Technically speaking, the Gokenin were the retainers who served the Kamakura and Muromachi Shoguns directly. The Gokenin acted on the authority of the Shoguns and could collect taxes, gather and field an army, and spend on public works as they saw fit – in the Shogun’s name and on what was theoretically the Shogunate’s lands.

So eventually the Gokenin gave way to the Hatamoto – the closest retainers of a daimyo, any daimyo. As I said, technically speaking the Gokenin served the Shogun directly; but Hatamoto could serve anyone. In the game series Total War: Shogun a general and lords have a slew of elite armored cavalry guarding them – the game refers to these horsemen as the lord’s Hatamoto.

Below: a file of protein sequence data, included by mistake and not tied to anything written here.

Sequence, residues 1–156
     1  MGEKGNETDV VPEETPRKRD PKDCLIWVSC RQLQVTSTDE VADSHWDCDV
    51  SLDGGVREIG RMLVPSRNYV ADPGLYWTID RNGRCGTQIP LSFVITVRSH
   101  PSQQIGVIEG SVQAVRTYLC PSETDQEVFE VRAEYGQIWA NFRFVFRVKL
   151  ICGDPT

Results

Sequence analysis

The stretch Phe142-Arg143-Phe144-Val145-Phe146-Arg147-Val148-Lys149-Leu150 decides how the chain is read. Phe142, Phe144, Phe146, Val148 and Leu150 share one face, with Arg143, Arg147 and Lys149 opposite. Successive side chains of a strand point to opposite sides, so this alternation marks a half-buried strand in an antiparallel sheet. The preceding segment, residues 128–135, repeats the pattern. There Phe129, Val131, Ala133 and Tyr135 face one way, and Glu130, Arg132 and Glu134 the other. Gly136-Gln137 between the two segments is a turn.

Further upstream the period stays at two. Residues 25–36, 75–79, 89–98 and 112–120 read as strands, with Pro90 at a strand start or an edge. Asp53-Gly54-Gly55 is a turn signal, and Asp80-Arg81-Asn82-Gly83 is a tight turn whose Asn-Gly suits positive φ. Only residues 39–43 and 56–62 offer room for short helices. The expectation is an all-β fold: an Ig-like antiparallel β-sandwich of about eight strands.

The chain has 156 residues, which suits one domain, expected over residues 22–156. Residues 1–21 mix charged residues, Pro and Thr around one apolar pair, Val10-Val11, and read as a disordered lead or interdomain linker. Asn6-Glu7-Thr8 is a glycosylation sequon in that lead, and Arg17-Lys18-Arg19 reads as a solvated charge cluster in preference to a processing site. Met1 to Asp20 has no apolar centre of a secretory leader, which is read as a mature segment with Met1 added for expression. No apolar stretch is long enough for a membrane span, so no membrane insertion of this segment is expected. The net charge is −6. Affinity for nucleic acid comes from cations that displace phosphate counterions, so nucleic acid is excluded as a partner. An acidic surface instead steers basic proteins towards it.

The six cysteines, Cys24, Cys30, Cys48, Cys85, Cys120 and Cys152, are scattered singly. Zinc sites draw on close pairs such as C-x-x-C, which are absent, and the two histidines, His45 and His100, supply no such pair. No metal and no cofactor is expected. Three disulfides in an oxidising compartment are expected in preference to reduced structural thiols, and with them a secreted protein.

Technically the term Hatamoto could refer to anyone working within the lord’s command tent; the person in charge of lord’s camp guards was the Honjin-Hatamoto.

Eventually as we get into the Edo period Hatamoto became the title for the closest retainers of the Tokugawa Shogunate. The Tokugawa Hatamoto were mostly the retainer families who had served Tokugawa Ieyasu and the Matsudaira clan before that, when he was in Mikawa and stayed with him when he moved to the Kanto. Clans like the Ii, Honda, and Sakakibara.

Hatamoto were generally given lands surrounding the Tokugawa’s own domain. This is because they were expected to be the most loyal and dedicated to the Tokugawa cause. This created a buffer zone between the Tokugawa and the Fudai, the Inner Lords who had supported Tokugawa at Sekigahara but did not have the tenure under the Tokugawa to be hatamoto. Clans such as the Maeda, Kuroda, and Hosokawa.

Outside of the Fudai were the Tozama, daimyo and their clans who fell in line after Sekigahara but were either neutral in the fighting or had actually supported the enemy during the battle. Clans such as the Shimazu, Mori, and Tachibana.